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You Be The Judge!

In the United States, Federal Judges are appointed while the State and Local Judges are elected. Federal Judges are appointed for life and State and Local Judges are elected for a short period of time and must be reelected every term. The question arises, “Should any judge be appointed for life or should they be required to be elected by the people every term?”

The main reason why people believe judges should be elected is because then they are more accountable to the people that they are supposed to be representing.  The people that vote for them did so because of the judges’ positions on issues.  If they don’t represent the public that elected them, they wont get reelected the next term. However, there are also many disadvantages of electing judges.  Elected judges are able to buy their way into office (running expensive campaigns to touch greater numbers of voters) even if they have bad moral or ethics.  Elected judges can also more easily be influenced by special interests groups with money.

“As Iowa moved closer this week to replacing three Supreme Court justices ousted in November by voters who opposed the court’s ruling in favor of gay marriage, judicial analysts remained divided on what they see as a growing national trend of special-interest groups targeting judges with whom they disagree”

As is evident by the USA News quote above, special interest groups clearly affect which judges are elected and reelected.

“Judges are supposed to make decisions based on the law, not politics. But in 38 states, judges get elected to their jobs, and judicial candidates are raising big bucks and running TV attack ads. Judicial candidates spent more money running for office in 2004 than ever before. Meanwhile, special interest groups poured millions of dollars into their campaigns. Will the mountains of cash corrupt the independence of the courts?”

This quote from American RadioWorks, expresses the same sentiment – that elected officials are much too influenced by outside forces to be independent.

Those that believe that judges should be appointed believe so primarily because they believe appointed judges are less likely to be influenced by special interest groups with money and are less likely to be biased when interpreting the law, theoretically. Disadvantages would include the judges having too much power and having very few ways to get the judges out of office if their mental health begins to decline or if they choose to start abusing their power.  The only way a federal judge leaves office is by death, self-resignation, resignation due to age or impeachment (the latter being very difficult to achieve).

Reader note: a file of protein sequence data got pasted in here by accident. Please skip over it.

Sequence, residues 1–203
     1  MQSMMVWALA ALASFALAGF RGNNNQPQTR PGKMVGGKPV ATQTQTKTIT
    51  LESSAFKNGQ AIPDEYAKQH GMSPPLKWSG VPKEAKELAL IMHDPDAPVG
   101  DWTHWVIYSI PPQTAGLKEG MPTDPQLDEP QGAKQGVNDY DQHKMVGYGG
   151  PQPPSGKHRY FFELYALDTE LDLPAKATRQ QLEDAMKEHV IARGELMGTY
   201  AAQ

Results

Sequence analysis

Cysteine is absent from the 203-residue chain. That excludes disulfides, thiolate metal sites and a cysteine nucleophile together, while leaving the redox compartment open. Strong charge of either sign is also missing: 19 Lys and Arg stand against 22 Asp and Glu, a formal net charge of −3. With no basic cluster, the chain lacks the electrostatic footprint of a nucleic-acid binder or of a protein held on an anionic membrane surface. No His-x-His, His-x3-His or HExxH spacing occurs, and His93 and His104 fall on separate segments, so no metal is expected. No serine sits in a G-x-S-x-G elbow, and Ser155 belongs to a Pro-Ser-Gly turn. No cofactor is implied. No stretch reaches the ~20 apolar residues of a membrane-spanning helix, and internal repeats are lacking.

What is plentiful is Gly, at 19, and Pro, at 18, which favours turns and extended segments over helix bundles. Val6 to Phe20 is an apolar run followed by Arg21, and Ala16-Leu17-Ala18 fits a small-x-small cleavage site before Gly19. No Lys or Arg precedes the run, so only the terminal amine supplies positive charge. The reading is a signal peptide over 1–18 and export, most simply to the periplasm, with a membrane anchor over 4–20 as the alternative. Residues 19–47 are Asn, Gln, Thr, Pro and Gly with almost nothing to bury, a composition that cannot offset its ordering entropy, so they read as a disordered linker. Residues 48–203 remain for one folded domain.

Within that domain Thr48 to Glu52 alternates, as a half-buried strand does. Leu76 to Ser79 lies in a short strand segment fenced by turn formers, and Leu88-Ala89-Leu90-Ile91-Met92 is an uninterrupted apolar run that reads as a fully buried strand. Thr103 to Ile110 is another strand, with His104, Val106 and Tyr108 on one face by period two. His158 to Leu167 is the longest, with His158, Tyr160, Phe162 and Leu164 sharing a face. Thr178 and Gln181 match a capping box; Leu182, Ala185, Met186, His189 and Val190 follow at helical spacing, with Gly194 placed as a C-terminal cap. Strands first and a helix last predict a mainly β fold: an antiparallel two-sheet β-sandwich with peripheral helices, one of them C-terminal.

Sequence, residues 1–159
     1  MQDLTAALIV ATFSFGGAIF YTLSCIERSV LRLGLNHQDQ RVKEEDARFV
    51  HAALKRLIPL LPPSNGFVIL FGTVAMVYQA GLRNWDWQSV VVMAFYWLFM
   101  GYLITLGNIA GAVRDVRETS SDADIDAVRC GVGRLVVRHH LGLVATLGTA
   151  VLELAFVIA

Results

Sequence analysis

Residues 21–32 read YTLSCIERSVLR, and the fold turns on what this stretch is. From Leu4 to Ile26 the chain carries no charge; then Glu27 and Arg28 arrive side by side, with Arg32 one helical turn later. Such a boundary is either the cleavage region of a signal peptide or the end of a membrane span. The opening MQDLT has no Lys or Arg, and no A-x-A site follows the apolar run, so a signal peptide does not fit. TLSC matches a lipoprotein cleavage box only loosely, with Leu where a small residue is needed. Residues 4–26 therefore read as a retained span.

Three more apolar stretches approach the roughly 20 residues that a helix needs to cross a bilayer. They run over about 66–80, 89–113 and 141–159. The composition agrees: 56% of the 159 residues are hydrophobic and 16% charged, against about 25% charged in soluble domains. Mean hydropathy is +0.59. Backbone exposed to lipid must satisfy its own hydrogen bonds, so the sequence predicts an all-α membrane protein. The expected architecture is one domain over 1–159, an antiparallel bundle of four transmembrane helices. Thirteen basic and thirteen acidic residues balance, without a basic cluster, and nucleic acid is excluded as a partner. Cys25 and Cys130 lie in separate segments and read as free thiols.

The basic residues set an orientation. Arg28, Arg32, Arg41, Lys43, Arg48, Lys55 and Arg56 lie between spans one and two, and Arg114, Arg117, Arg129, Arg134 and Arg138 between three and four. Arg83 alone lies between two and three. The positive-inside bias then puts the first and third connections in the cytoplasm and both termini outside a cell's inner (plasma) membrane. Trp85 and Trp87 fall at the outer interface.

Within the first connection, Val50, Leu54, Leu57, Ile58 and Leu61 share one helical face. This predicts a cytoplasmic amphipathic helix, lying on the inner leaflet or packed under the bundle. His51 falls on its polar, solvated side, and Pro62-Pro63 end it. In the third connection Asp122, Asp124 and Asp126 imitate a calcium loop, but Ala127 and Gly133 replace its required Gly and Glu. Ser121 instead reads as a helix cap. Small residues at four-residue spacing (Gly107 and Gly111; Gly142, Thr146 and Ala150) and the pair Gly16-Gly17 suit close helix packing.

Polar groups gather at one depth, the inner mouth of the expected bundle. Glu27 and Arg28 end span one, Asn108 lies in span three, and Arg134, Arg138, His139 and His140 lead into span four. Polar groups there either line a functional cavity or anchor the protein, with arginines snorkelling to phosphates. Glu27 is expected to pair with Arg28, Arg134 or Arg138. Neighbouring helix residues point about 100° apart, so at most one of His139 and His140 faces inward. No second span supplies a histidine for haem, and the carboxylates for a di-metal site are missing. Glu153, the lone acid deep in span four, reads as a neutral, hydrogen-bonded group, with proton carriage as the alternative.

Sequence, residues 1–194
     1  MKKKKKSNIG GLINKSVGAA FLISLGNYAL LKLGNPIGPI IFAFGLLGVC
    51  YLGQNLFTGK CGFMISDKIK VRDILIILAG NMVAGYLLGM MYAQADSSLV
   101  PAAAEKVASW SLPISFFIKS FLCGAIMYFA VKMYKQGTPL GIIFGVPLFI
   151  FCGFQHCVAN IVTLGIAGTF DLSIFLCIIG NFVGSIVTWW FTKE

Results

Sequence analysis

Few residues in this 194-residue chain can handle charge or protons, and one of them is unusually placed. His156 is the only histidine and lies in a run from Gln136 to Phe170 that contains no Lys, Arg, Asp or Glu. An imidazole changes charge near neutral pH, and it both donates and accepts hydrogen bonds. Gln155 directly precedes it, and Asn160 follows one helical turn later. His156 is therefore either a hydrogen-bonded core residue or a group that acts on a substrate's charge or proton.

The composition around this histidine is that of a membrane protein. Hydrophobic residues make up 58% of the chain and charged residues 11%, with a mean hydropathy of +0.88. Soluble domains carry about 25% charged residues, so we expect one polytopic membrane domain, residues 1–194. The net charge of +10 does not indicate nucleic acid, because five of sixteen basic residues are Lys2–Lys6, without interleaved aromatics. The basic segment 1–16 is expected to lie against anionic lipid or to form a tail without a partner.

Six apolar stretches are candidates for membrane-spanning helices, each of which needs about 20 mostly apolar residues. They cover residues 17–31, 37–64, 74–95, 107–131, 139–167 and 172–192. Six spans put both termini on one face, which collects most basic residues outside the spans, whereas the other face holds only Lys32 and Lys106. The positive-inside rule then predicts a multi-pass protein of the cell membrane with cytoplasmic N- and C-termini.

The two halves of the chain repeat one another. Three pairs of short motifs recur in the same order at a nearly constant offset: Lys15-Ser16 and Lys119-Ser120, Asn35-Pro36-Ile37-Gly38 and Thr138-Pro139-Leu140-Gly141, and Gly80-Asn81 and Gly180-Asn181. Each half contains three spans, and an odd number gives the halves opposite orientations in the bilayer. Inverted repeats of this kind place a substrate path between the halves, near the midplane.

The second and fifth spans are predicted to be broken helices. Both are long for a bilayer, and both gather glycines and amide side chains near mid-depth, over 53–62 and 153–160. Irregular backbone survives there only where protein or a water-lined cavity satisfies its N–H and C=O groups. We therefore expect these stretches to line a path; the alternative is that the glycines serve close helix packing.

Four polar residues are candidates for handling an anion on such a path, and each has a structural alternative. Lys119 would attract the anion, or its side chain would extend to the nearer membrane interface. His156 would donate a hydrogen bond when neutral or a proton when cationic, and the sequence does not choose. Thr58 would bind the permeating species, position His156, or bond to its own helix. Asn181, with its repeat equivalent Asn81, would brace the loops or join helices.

“We previously discussed  the bizarre case of Cook County Judge Cynthia Brim, a judge in Markham, Illinois who has been barred from entering the courthouse without police escort and has a prior arrest for assault. Despite long opposition from bar groups and her claiming insanity as a defense to the charge, Cook County voters returned her to the bench in a recent election”

In this example reported by The Chicago Tribune, an elected official was reelected after being declared insane.  Had this been an appointed official that suffered mental insanity without it being brought to light by the committing of a crime, the appointed official would still be in office. This story brings two questions to mind;  is the public well enough informed to be responsible for electing officials and is appointing officials to life terms when circumstances can change at any time a responsible act?

There are advantages and disadvantages to both appointing a judge and electing a judge. Appointing judges can cause judges to have too much and sometimes misdirected power but it also allows judges to be more independent and unbiased.  Electing judges can cause them to be unduly influenced by outside financial sources but also forces them to be true to the people or risk not being reelected.  It also allows for a natural exit if, for some reason, the judge becomes no longer suitable for the position. Perhaps the answer is in a compromise; I believe we should appoint a judge (rather than elect him) in order to benefit from his unbiased interpretation of the law, but limit his term to eight or ten years so that if he strays from his true interpretation of the law or becomes disabled or otherwise inappropriate for the position, his term is limited and he can be replaced with someone better suited for such an important job.  Chief Justice Warren Burger perhaps said it best when he said, “Judges rule on the basis of law, not public opinion, and they should be totally indifferent to pressures of the times.”  Any system or procedure that interferes with this goal should be changed.

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